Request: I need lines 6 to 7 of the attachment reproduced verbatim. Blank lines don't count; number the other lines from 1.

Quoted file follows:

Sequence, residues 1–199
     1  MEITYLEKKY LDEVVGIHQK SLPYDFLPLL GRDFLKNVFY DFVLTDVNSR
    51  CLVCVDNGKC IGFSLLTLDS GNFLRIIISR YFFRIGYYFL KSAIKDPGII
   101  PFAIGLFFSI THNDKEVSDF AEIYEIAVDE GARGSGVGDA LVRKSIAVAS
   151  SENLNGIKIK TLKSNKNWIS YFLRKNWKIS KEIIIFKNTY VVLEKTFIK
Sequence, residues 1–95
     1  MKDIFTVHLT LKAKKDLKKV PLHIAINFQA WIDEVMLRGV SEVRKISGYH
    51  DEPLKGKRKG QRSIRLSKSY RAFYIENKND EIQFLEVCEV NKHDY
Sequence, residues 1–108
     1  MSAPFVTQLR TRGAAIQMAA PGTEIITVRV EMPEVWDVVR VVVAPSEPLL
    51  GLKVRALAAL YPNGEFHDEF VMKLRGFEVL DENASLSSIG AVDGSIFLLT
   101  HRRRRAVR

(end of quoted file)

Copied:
Sequence, residues 1–95
     1  MKDIFTVHLT LKAKKDLKKV PLHIAINFQA WIDEVMLRGV SEVRKISGYH